In LeVasseur’s debut middle-grade sci-fi novel, a friendly extraterrestrial girl whisks a Nebraska farm boy away for a wild adventure of Martian intrigue, rebellion and invasion.
Some of the earliest sci-fi stories for juveniles told tales of adolescent boys on flights to Mars, and now, more than a century later, that tradition continues in this illustrated yarn. Gilbert Sullivan is a boy on the lookout for whatever has been making crop circles in his family’s fields. One day, he’s suddenly spirited away to Mars by a carefree alien, who’s piloting an advanced flying saucer. The blue-skinned Aoleon and her people are from the Andromeda constellation. Their current home on Mars, in a concealed “bubbleverse” slightly out of phase with Earth, is an ancient refugee colony that was established during an interstellar war with the fiendish, reptilian Draconians. Disguising Gilbert as a fellow Martian, Aoleon takes him on a tour of the Martian megalopolis and even enrolls him as a student in the Martian Space Academy, where he meets numerous alien species. There, the Earth boy develops his latent psi talents and plays a very Quidditch-like game of “psiball” while he’s at it. But all is not well on the red planet: Its longtime democratic government has been taken over by an absolute dictator called the Luminon, who, unsurprisingly, is really a Draconian in disguise. Manipulating the Martian public’s dependence on milk, the Luminon attempts to launch an invasion of America’s beef- and dairy-farm country—that is, until the meddling Gilbert, Aoleon and some of their dissident allies go into action against him. There’s plenty of action in this lengthy narrative; its latter half plays like one video game boss-battle after another, as the heroes prevail again and again over evil foes due to their own superpowers or lucky last-minute rescues by others. The video game comparison is particularly apt in view of the author’s extensive 3-D illustrations, which visualize the cool alien environments and technology quite nicely. However, the humans and Martians look more like denizens of a sub-Pixar CGI cartoon, such as Jimmy Neutron: Boy Genius or Planet 51. Along the way, the author also embeds numerous references to Stanley Kubrick films and real-life UFO/conspiracy theories.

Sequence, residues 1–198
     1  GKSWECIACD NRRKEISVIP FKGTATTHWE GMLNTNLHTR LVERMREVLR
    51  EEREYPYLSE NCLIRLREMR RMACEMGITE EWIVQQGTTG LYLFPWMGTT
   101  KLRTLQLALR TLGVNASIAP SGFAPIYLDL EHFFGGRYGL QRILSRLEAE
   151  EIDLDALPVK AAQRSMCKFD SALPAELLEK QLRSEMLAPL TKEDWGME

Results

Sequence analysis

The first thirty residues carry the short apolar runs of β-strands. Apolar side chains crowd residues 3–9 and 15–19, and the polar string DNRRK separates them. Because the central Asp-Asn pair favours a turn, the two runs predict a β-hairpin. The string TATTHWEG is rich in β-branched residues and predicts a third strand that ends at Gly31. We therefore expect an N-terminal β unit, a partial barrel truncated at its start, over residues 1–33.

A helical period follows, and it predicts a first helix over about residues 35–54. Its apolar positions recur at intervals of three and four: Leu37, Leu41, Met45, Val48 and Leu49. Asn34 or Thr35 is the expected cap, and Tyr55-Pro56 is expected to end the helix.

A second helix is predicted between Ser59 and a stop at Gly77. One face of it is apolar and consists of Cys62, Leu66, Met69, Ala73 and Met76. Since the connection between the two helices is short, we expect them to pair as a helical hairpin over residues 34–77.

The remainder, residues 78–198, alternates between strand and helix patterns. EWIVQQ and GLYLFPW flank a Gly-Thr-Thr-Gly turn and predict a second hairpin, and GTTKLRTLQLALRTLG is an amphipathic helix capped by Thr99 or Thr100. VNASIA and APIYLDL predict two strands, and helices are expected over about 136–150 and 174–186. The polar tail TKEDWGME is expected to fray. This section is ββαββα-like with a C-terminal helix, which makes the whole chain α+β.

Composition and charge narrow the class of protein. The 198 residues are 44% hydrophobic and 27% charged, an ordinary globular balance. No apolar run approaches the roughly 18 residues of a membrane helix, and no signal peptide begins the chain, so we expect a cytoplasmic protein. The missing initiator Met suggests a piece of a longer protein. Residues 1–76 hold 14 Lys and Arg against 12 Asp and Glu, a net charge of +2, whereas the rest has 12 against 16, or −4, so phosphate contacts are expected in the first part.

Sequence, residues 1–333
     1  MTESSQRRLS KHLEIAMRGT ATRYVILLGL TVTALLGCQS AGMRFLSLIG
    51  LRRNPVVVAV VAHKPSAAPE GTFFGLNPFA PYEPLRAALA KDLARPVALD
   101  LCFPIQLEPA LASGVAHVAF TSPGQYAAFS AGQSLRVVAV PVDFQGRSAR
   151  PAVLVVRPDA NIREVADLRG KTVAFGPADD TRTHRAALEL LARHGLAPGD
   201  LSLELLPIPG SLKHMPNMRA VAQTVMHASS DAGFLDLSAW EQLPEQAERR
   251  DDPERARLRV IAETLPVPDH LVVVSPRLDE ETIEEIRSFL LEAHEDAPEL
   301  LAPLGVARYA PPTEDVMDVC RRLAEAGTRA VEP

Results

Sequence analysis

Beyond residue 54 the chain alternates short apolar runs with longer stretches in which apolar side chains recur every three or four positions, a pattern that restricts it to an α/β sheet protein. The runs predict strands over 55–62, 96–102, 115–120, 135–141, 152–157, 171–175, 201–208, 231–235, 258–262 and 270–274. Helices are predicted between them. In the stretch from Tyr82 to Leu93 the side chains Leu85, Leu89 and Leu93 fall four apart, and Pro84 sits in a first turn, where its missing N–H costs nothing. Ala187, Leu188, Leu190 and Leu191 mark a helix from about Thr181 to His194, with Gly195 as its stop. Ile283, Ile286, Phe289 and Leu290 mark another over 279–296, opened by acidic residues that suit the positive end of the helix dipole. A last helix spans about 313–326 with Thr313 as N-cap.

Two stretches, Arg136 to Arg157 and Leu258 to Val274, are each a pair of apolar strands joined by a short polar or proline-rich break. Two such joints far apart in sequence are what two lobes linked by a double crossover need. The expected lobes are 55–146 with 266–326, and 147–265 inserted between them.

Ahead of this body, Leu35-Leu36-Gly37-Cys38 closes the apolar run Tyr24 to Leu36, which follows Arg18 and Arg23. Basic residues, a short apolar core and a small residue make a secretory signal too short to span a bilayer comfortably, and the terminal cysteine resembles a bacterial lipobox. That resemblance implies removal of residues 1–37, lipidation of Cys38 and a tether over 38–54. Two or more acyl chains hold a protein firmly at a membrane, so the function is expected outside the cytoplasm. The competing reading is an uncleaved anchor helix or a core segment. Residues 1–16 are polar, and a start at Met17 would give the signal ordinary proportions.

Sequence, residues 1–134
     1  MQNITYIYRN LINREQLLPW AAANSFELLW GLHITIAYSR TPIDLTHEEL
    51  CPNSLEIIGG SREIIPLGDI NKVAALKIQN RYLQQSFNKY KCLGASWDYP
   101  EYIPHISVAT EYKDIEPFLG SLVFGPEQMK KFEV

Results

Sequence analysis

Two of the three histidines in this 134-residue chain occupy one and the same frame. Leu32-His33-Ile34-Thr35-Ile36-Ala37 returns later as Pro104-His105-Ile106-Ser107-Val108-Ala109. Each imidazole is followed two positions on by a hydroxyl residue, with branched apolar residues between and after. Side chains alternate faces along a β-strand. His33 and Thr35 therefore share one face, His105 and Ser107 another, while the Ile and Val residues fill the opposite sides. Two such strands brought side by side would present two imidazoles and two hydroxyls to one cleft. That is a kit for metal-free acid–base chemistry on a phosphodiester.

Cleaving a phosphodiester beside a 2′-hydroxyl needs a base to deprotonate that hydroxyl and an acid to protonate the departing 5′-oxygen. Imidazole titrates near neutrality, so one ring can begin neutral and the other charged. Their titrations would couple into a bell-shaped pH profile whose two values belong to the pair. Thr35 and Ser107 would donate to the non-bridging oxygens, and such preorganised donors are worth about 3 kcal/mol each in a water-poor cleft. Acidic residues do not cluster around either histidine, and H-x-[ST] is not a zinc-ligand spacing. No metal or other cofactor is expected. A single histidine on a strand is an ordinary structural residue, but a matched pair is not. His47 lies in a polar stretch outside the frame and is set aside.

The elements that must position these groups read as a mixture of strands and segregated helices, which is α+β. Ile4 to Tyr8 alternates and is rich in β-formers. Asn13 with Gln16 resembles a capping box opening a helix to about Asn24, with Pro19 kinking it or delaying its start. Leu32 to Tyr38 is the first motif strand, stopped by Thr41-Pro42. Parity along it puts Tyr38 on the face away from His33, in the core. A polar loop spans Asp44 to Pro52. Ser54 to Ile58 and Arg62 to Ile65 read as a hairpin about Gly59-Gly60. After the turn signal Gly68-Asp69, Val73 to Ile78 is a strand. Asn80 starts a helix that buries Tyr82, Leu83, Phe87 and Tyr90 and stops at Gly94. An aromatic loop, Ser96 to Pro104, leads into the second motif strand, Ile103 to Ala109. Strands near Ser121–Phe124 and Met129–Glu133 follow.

Mars needs milk in this tongue-in-cheek, slam-bang bit of YA escapism that’s best for members of the PlayStation-playing generation.